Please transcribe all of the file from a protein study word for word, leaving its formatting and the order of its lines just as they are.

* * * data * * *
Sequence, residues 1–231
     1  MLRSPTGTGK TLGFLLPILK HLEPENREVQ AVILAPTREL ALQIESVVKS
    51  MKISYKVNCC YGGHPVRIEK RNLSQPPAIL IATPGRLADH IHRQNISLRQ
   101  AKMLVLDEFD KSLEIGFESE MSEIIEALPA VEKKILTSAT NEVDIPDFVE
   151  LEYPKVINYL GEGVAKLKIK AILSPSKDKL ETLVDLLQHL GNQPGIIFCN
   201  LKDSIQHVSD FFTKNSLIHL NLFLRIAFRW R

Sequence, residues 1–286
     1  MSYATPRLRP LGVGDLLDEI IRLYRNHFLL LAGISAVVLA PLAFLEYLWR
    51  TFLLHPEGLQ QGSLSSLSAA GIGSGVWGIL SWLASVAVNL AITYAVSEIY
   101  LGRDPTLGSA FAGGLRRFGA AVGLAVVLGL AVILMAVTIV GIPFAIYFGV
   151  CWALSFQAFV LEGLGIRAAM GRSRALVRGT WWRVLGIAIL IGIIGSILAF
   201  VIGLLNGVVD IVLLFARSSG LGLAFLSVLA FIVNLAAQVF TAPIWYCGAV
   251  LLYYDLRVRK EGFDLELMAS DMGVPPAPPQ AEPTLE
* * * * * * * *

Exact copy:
Sequence, residues 1–231
     1  MLRSPTGTGK TLGFLLPILK HLEPENREVQ AVILAPTREL ALQIESVVKS
    51  MKISYKVNCC YGGHPVRIEK RNLSQPPAIL IATPGRLADH IHRQNISLRQ
   101  AKMLVLDEFD KSLEIGFESE MSEIIEALPA VEKKILTSAT NEVDIPDFVE
   151  LEYPKVINYL GEGVAKLKIK AILSPSKDKL ETLVDLLQHL GNQPGIIFCN
   201  LKDSIQHVSD FFTKNSLIHL NLFLRIAFRW R

Sequence, residues 1–286
     1  MSYATPRLRP LGVGDLLDEI IRLYRNHFLL LAGISAVVLA PLAFLEYLWR
    51  TFLLHPEGLQ QGSLSSLSAA GIGSGVWGIL SWLASVAVNL AITYAVSEIY
   101  LGRDPTLGSA FAGGLRRFGA AVGLAVVLGL AVILMAVTIV GIPFAIYFGV
   151  CWALSFQAFV LEGLGIRAAM GRSRALVRGT WWRVLGIAIL IGIIGSILAF
   201  VIGLLNGVVD IVLLFARSSG LGLAFLSVLA FIVNLAAQVF TAPIWYCGAV
   251  LLYYDLRVRK EGFDLELMAS DMGVPPAPPQ AEPTLE